The major topic of discussion at the conference was the Mapping project put forward by the Canada Council’s Dance Section. The project to map the Canadian dance field will be modeled after the British research conducted in 2008/09 by development consultants Susanne Burns and Sue Harrison. Burns explained that the UK Mapping project was not about needs analysis, but about understanding the network of relationships in the subsidized and commercial dance community. The resulting document is a window on the dance field and is a tool for dance advocates to make the case for investment to both private and public funders. Caroline Miller, the executive director of Dance UK, demonstrated that the Mapping research was a very valuable tool; she showed the DanceVote 2010 video from the latest British election, which was full of well-presented statistics and persuasive arguments. After the two UK presentations, Lorraine Hébert, executive director of the Regroupement québécois de la danse (RQD), presented the preliminary findings of its mapping-based examination of dance in Québec. Following these presentations, representatives of each of the seven CDA standing councils made statements and directed questions to Anne Valois, head of the Dance Section at the Canada Council. Valois asserted that this Mapping project would help the dance field to see and work with our assets. In general, the proposed Canadian Mapping project was well received, with modest skepticism based on the typical Canadian complications of language, geography and politics.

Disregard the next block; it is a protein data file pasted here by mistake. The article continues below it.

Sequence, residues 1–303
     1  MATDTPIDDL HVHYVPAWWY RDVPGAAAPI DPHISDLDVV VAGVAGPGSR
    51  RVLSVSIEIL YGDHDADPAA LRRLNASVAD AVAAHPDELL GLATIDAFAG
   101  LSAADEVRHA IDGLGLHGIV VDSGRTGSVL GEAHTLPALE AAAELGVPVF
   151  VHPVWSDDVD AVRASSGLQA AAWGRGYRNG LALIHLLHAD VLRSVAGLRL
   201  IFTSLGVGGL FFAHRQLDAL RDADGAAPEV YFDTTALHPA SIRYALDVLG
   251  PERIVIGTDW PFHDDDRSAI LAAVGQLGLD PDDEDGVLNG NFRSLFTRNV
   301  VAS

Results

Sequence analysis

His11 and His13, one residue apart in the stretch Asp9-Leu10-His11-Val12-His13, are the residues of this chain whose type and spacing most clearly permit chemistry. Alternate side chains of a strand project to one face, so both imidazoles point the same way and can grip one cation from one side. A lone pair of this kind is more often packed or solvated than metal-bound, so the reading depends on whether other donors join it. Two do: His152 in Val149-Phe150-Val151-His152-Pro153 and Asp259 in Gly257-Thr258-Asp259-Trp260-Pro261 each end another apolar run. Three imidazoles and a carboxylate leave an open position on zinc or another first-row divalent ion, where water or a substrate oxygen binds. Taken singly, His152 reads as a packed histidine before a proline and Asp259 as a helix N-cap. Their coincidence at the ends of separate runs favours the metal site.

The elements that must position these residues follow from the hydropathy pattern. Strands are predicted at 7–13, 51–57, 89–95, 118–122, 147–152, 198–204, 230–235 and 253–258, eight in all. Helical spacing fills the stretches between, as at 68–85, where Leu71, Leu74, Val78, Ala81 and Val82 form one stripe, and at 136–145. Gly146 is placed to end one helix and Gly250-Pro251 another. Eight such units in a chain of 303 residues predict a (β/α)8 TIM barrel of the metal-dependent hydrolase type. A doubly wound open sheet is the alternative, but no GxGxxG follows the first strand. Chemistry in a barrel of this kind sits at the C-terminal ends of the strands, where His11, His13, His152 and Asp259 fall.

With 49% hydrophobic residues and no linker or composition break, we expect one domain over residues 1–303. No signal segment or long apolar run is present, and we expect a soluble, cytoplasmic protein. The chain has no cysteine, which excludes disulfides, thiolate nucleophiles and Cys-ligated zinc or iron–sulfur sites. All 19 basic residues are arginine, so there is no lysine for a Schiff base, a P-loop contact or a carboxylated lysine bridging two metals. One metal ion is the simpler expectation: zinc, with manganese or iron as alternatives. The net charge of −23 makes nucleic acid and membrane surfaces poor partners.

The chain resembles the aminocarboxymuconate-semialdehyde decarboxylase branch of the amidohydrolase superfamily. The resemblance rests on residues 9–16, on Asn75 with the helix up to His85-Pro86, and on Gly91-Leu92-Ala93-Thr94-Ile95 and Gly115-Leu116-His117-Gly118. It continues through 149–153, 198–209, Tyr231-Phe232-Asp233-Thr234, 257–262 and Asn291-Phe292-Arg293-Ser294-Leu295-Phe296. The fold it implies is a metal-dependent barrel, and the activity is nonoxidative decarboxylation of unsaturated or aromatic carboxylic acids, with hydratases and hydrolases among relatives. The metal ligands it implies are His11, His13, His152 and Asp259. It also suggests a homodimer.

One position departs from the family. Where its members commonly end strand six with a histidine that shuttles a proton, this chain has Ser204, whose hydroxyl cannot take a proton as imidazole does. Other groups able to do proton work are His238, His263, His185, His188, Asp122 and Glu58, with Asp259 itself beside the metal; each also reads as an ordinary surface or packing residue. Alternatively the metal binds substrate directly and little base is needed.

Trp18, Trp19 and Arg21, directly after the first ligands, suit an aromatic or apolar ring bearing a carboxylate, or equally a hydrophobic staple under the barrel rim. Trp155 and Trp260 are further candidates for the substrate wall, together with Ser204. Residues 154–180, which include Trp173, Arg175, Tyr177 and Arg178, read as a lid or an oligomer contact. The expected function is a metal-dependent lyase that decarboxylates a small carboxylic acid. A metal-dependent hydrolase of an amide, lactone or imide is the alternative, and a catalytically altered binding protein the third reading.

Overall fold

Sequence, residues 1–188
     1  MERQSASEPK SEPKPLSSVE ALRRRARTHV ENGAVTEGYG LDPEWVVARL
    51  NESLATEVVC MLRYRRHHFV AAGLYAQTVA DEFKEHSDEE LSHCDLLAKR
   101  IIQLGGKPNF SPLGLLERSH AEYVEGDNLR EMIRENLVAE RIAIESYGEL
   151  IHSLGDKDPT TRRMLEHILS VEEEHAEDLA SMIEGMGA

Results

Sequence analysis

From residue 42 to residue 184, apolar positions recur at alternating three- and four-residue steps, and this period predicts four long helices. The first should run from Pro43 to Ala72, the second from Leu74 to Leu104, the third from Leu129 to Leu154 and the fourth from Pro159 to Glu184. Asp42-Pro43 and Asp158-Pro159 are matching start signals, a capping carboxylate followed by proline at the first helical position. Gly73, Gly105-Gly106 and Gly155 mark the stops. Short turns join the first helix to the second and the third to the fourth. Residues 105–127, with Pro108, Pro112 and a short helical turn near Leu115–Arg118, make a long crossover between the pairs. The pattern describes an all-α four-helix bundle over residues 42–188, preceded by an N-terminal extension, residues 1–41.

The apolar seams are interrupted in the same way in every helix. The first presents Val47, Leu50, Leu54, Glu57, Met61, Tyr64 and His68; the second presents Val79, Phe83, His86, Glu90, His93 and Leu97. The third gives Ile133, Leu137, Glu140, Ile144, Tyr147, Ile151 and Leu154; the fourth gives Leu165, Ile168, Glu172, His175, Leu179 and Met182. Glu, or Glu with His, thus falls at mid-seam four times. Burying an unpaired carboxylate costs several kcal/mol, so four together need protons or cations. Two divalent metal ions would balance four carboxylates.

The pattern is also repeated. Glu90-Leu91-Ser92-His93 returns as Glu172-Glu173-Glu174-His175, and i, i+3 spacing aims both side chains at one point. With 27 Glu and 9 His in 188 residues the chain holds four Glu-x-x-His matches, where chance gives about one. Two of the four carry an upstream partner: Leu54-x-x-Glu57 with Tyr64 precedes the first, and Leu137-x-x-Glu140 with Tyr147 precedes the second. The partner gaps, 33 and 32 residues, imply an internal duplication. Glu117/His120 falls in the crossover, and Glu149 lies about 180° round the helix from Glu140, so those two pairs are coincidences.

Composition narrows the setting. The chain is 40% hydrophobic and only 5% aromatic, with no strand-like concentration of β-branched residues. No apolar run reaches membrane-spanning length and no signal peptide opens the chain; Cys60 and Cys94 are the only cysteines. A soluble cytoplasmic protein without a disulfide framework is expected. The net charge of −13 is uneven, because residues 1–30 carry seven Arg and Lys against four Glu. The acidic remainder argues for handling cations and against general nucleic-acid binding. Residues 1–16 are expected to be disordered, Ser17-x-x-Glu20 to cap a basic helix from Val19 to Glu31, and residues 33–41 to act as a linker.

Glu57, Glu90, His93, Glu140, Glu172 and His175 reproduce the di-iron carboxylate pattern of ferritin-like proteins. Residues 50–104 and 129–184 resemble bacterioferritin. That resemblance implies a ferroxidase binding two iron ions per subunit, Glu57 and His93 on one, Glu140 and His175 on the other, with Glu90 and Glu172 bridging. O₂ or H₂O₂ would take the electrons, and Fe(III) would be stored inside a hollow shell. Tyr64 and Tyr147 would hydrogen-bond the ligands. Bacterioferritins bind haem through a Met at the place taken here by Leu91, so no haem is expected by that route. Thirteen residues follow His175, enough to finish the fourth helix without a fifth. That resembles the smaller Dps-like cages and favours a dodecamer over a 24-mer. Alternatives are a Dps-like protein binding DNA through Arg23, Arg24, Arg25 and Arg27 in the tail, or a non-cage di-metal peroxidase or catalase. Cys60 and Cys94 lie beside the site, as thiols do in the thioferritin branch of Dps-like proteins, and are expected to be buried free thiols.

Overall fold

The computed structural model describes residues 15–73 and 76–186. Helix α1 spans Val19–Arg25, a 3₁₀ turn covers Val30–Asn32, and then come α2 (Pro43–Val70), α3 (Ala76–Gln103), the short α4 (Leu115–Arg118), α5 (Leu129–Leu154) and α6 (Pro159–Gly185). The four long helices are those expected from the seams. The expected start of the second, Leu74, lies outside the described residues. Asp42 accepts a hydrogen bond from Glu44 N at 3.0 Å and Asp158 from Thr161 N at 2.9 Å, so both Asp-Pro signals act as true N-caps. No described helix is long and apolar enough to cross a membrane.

In the end, this was not just your typical dance gathering (where everyone just complains about federal funding limitations, although that did happen). It was clear from Brault’s persuasive keynote address to the anticipation around the Mapping project that the way forward is through collaboration and the search for new ways of working.